Average farm business incomes were up by nearly 50 per cent overall in the last financial year – and dairy units saw income soar by as much as 140 per cent.
New Delhi, November 20, 2018: Latest figures released by the DEFRA show that, in 2017-18, average farm business income increased for all farm types except for specialist pig farms.
The increases were partly driven by exchange rates leading to price rises for a number of commodities, according to the Defra report’s authors. There was also an increase in the value of the Basic Payment.
The average Basic Payment in 2017-18 was £31,700 – a 13 per cent increase on the previous year. This was a result of the weaker pound in September 2017 when the exchange rate was determined.
Average income increased by 49 per cent year-on-year across all types of farms – from £38,000 in 2016-17 to £56,500 in 2017-18.
The biggest increase was in the dairy sector, where incomes more than doubled. Average business income was up by 140 per cent from £50,000 in 2016-17 to £119,700 in 2017-18.
Defra said that production increased by eight per cent on dairy farms. It said there was a rise in average dairy cow numbers and the average milk price was up 23 per cent to 29.6 pence per litre, although the report said there was a wide variation in milk prices. Some farmers received considerably more or less than the average.
Specialist poultry farms also enjoyed a good year, with average incomes up by 77 per cent to £96,000. Defra said output from eggs rose by seven per cent – driven by an increase in price.
However, it said this finding contrasted with UK statistics showing an increase in egg production and a small fall in prices.
Defra said there was an increase in output from birds for poultry meat, although it said the size of the increase should be treated with some caution as it was largely due to a change in the sample composition.
Increased cereal output
For farms that were in the sample in both years, there was a small increase in output. These rises were partially offset by increases to both variable and fixed costs, said Defra.
Average income on cereal farms was up 49 per cent – mainly because of increased output. Defra said a combination of higher prices for wheat and barley, driven by a weakening of Sterling, and increased average yields due to more favourable growing conditions resulted in a 13 per cent increase in crop output.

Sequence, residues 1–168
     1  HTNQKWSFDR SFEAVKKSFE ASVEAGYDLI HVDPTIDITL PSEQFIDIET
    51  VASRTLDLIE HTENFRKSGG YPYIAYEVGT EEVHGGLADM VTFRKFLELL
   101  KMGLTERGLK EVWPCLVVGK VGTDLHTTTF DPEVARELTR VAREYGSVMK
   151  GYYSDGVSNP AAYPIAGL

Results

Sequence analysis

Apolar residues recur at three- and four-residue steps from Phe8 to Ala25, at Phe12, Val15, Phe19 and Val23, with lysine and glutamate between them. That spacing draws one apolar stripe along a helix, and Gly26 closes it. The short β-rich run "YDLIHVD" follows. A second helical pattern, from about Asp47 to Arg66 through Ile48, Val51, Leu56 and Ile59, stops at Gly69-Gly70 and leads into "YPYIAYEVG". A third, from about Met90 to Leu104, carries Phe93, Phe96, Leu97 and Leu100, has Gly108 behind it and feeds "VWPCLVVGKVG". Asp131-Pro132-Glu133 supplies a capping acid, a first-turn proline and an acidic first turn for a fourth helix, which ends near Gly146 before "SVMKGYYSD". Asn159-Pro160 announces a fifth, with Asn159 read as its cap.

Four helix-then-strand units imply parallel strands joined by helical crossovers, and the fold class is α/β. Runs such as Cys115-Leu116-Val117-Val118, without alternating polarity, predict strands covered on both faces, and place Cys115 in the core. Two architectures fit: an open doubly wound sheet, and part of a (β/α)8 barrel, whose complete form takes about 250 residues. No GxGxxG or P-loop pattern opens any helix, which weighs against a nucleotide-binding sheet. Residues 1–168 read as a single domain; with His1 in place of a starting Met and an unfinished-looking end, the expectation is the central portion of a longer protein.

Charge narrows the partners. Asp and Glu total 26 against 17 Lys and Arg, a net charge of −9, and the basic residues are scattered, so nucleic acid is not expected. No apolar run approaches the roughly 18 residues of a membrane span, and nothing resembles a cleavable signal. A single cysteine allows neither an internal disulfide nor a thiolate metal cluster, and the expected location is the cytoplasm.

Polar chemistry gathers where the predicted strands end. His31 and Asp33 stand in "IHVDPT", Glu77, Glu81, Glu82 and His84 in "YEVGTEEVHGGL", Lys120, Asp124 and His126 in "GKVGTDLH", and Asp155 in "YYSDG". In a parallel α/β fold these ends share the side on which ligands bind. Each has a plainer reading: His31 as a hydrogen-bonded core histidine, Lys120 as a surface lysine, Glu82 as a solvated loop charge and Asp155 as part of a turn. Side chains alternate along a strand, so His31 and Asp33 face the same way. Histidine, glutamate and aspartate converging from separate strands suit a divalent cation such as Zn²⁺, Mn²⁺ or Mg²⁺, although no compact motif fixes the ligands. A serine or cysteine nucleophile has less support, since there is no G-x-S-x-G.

General cropping farms saw their incomes increase by 33 per cent last year to £93,300. Total crop output was 16 per cent higher than in 2016-17. This was largely driven by increased areas, yields and prices for wheat and increased oilseed rape and sugar beet production.
These increases were partially offset by a fall in the value of the 2017 potato crop – plentiful supplies due to higher yields and a rise in crop area resulted in lower prices.
On lowland grazing livestock farms, average income increased by 36 per cent to £21,900. Cattle output, the main revenue source for this farm type, increased as the exchange rate and tighter supplies led to higher prices for finished cattle according to farminguk.com
Store prices were also higher than in 2016-17. Increased fat lamb prices helped to increase sheep output, said the Defra report.
Average income increased by 45 per cent to £41,800 on mixed farms. A 21 per cent increase in total farm business output was driven by higher crop and livestock output, together with a 20 per cent increase in the average Basic Payment.
Output from diversified activities was also higher, particularly for building rental, although revenue from food processing and retailing fell.
For farms in horticulture, income was up by nine per cent to £47,700. Overall, agricultural output remained at a similar level to the previous year, said Defra. Reduced output from potatoes, glasshouse flowers, bulbs and nursery stock and contract work on other farms offset increases from other crops.
Agricultural costs fell by one per cent. Output from diversified activities, an important source of revenue for horticulture farms, increased by four per cent, with food processing, retailing and building rental contributing most to the rise.
Average income on LFA grazing livestock farms increased by five per cent to £28,300. Farm business output rose by seven per cent due to increased output from agriculture, agri-environment schemes and a 13 per cent rise in the average Basic Payment. Sheep and cattle output were both higher than a year earlier.
Both sales and prices for fat lambs were higher than the previous year, whilst revenue from ewes and hoggs also increased despite prices being similar to or lower than the previous year.
Pig farm setback
The one sector where incomes fell back compared with 2016-17 was specialist pig farms. Average income was down by 46 per cent to £31,300. Agricultural output was two per cent lower, largely due to reduced crop output due to a lower tillage area.
Pig revenue increased by eight per cent in 2017-18 as lower throughput was offset by an increase in finished pig prices. However, there was a considerable fall in the closing valuation, as both pig prices and numbers were lower than at the beginning of the year. Both variable and fixed costs increased by three per cent.
According to farminguk.com The report’s authors said that, whilst most types of farming saw an increase in average incomes last year, there was considerable variation in incomes from farm to farm.
They said that in 2017-18 at least 10 per cent of each farm type except dairy failed to make a profit. For dairy farms, four per cent failed to make a profit whilst 63 per cent had an income of more than £75,000.